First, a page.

Midway through the collection, we hear the storm is coming on gulls slender wings; the pace here is that of the winter wild, running reckless, whether we are getting closer to heaven or to hell, a dystopian landscape unfolding under the blues growing grey coming towards the ocean of mist; and where will we shelter, you and I, when the sky tears its coping from side to side and then, with a nod to James Joyce, we are swept back to the ancient lands of our ancestors where our tongues taste the breath our mothers breathed, still twisting beneath the soil, whispering of smells from the language of the dead; air and rain and turf and corduroy.
There are cycles here; not just with life and death but in the movement of the water; running, rising, falling, returning, in the scents that come back through new noses, exploring, hunting, gathering, shedding, a realisation that all things have a time to breathe and, later, a time to sleep as if the narrator has sat in the garden of the Earth and watched how the animals go about their business without questioning or worrying or losing time over the why.
As we come to the final poems in the collection, noticeable words rise up that perhaps were not as visible before in the struggle of life; happiness, euphoria, kisses, passion, the singing of blackbirds, desire and the memory of a life lived; when I am old and have no fire’s glow to coax the blood to frozen fingertips I’ll think of those raw days of long ago and how you warmed the magic with your lips. Age brings with it a balance, an acceptance, an admittance of what has been and what must come to an end and with that comes the end of a collection where the reader has been transported, tasted the rain, drowned in the waves, felt beaten, broken and then a breath of air that resuscitated, offered rebirth, brought me back to buoyant. The final poem leaves us perfectly with the Well Water; the red foxes and the horses and a reflection of all that will become stars.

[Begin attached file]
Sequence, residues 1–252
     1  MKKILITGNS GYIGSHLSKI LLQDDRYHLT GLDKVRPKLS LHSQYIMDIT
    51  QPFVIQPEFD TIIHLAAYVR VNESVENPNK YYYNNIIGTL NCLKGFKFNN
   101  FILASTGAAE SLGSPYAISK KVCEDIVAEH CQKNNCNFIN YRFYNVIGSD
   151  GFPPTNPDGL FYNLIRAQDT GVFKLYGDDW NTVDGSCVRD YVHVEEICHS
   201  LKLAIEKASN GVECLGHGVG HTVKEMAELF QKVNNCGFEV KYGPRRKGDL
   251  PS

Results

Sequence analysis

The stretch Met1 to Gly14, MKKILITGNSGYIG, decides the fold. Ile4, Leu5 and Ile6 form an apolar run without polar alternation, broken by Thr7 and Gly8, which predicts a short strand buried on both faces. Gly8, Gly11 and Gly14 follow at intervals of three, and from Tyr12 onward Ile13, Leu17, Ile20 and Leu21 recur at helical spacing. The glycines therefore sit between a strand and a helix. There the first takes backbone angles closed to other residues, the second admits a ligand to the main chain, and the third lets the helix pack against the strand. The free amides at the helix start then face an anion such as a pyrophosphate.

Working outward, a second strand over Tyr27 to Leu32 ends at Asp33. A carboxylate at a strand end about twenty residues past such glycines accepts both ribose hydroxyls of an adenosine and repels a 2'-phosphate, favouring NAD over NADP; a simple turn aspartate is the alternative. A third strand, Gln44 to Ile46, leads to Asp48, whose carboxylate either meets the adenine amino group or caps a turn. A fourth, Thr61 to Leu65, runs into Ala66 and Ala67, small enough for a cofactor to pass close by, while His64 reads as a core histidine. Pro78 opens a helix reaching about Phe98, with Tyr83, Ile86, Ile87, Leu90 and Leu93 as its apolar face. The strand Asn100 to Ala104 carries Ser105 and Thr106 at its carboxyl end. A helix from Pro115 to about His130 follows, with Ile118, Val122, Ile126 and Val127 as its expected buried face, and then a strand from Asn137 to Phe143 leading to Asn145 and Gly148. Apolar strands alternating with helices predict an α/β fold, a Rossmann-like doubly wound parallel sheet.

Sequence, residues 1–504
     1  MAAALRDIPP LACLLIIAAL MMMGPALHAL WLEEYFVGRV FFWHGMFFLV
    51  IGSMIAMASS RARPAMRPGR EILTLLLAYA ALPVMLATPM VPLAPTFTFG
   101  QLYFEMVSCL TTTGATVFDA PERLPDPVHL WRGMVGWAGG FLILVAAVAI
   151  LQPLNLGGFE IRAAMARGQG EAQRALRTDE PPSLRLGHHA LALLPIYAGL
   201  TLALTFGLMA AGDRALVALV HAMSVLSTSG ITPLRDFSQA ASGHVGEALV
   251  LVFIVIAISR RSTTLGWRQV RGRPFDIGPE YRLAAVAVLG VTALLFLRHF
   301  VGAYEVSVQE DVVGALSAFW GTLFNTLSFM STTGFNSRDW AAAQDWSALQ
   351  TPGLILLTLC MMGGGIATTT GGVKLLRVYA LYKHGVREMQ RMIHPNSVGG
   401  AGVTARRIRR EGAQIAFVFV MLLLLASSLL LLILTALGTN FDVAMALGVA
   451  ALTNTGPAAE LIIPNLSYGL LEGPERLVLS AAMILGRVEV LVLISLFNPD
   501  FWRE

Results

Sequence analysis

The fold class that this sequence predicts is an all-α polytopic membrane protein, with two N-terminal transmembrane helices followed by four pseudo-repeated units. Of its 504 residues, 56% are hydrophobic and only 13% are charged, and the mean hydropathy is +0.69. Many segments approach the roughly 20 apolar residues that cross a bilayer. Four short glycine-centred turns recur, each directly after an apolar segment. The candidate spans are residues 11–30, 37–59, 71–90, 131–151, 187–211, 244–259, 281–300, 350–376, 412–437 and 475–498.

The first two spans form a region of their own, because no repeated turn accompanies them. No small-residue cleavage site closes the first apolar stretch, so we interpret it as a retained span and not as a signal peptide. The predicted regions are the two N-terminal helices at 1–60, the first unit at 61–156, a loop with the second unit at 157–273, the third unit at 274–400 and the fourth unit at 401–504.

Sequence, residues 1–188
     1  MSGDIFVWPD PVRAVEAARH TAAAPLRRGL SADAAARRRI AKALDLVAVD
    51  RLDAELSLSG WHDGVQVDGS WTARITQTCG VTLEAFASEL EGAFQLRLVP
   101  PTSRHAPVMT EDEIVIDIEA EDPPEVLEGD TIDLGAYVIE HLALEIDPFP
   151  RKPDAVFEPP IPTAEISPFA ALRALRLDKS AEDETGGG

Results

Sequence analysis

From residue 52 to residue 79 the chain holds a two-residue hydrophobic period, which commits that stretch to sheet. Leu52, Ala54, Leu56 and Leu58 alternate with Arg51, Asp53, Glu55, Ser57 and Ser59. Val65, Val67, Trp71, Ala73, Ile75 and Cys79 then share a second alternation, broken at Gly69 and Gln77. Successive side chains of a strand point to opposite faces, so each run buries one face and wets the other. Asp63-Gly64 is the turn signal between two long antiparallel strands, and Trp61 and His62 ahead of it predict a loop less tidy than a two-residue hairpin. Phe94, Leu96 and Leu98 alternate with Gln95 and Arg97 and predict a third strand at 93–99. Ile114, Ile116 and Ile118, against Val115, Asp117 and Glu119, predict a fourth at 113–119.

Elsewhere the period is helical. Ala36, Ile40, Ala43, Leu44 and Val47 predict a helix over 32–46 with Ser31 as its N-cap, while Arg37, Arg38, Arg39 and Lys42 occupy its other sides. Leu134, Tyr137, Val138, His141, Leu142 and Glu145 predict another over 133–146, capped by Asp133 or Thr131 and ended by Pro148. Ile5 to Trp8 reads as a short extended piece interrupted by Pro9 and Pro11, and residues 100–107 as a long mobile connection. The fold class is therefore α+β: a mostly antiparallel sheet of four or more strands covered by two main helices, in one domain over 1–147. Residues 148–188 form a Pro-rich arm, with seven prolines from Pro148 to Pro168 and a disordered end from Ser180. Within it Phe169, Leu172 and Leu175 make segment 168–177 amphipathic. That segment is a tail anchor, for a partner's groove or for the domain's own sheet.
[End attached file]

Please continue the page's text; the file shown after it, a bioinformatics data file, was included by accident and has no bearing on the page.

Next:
I’ve followed Jane Dougherty since the early days of WordPress, have taken up her poetry challenges, marvelled at her knowledge of poetic forms and styles and loved her time travelling novel The Pathfinders, but this is the first time I have had the chance to read her work as a collection and it is an astounding accomplishment. I note the dedication to her mother Mary and her father John and I think she has listened well to their voices from beyond and they will be proud. A poet who is in full control of her flow and that shines throughout every carefully created line, each vision she has painted and the love and respect of nature that we are invited to witness through the eyes of someone who has been paying very good attention.
Thicker than Water runs deeper than its simple size suggests. It is light to the weight but buy it now and see how the wait for its arrival will deepen the worth of its contents.
You can find Jane’s blog on WordPress below…
And you can buy her book on Amazon…